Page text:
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CVE-2013-4788 - Eglibc PTR MANGLE bug
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The following is a bug that we found while we were working around
stack smashing protection techniques.
Title: CVE-2013-4788 - Eglibc PTR MANGLE bug
This bug was discovered in March 2013 while we were developing the RAF SSP
technique. The glibc bug makes it easy to take advantage of common
as buffer overflows allows in these cases redirect the execution flow and
potentially execute arbitrary code.
All statically linked applications compiled with glibc and eglibc are
independent of the operating system distribution. Note that this problem
solved by only patching the eglibc, but it is also necessary to
static executables. As far I know there are a lot of routers, embedded
etc., which use static linked applications. Since the bug is from the
of the PTR_MANGLE implementations (years 2005-2006) there are a ton of
2.- Vulnerable packages
The bug has been propagated to all the static code compiled with all
on all architectures, of glibc from 2.4 (06-Mar-2006) to 2.17 (Current
The vulnerability is caused due to the non initialization to a random
is always zero) of the "pointer guard" by the glibc only when generating
compiled executables. Dynamic executables are not affected. Pointer guard is
used to mangle the content of sensible pointers (longjmp, signal handlers,
etc.), if the pointer guard value is zero (non-initialized) then it is not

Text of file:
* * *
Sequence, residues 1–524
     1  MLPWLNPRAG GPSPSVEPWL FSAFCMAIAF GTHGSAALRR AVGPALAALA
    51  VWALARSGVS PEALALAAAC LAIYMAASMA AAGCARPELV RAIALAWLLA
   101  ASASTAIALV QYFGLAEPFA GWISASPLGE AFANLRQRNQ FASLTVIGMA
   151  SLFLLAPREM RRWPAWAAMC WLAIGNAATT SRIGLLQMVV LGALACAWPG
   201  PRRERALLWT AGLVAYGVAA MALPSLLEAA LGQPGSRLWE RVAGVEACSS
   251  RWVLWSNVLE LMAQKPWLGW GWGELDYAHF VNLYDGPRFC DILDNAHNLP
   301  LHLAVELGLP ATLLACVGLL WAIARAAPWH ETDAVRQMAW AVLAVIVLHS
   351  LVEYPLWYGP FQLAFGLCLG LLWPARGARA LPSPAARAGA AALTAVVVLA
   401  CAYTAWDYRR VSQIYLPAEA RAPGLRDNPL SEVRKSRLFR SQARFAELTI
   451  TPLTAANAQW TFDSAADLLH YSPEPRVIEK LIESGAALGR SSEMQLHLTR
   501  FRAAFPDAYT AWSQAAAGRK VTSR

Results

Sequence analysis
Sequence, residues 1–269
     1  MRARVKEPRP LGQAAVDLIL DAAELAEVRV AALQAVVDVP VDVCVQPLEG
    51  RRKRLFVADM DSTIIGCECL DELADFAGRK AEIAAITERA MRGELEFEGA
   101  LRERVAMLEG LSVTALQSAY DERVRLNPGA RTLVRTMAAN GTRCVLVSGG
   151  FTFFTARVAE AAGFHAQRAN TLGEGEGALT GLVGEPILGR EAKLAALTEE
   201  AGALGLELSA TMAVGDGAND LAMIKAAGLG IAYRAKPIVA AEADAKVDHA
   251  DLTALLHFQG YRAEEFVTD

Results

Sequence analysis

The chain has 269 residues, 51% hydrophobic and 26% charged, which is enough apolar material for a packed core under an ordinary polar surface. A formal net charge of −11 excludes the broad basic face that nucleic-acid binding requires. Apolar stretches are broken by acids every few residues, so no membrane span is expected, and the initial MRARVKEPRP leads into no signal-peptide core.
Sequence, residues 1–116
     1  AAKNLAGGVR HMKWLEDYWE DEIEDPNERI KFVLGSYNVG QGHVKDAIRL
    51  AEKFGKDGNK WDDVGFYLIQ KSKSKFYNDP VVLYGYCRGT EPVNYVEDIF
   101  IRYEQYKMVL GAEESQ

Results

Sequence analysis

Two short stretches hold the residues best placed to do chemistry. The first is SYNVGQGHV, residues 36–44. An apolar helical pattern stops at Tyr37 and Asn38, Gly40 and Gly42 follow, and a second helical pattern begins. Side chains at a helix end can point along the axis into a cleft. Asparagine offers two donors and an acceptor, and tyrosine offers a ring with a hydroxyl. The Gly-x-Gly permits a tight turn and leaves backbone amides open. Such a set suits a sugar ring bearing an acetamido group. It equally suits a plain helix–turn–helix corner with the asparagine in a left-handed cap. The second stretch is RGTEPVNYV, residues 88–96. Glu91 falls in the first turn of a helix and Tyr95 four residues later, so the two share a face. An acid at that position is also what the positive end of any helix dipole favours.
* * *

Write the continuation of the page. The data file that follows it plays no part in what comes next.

effective. An example: Library functions like "setjmp()" or
PTR_MANGLE and PTR_DEMANGLE. These macros are used to protect structures
jmp_buf. Basically consist on XOR-ing the pointer value with a random
value. Since the pointer guard (random value) is 0x0 the attacker can easily
calculate off-line the value of a target address. By overwriting the "env"
structure with the pre-computed address the vulnerability is triggered when
longjmp() is called and the execution flow is redirected to attacker
The bug was tested with Debian 7.1 and Ubunu 12.04 LTS and 13.04). I already
created a proof of concept to exploit this vulnerability for both 32 and 64
bits x86 architectures. The proof of concept poc-bug-mangle.c redirect the
execution flow to a function which prompt a shell. This exploit can be
for both i386 and x86_64 architectures. More architectures can be added
by adding the correspondent defines.
Compilation for i386:
gcc poc-bug-mangle.c -o poc-bug-mangle -static
Compilation for x86_64:
gcc poc-bug-mangle.c -o poc-bug-mangle_32 -static -m32
gcc poc-bug-mangle.c -o poc-bug-mangle_64 -static -m64
[+] Exploiting ...
[+] hacked !!
Note that the bug is not solved by only patching the eglibc, but it is also
necessary to recompile all static executables. I have created a non official
patch ptr_mangle-eglibc-2.17.patch for the gblic-2.17.
patch -p1 < ../ptr_mangle-eglibc-2.17.patch
Although this bug is not exploitable by itself, the truth is that the PTR
Mangle encryption is useless. The goal of the protection technique is not
achieved. This can be seen as the canary stack is set to 0x0, although
exploitable by itself is clearly an issue. What about whether the canary has
been set to zero from 2006 to today ? This is what happened with the
protected with this mechanism. According to Ulrich_Drepper to use
pointers (instead of canaries) to protect structures like jmp_buf is at
as secure and in addition faster". Following the above and since the
mechanism is useless from the first implementation, the number of
affected systems could be huge.
Patch and exploit source code:
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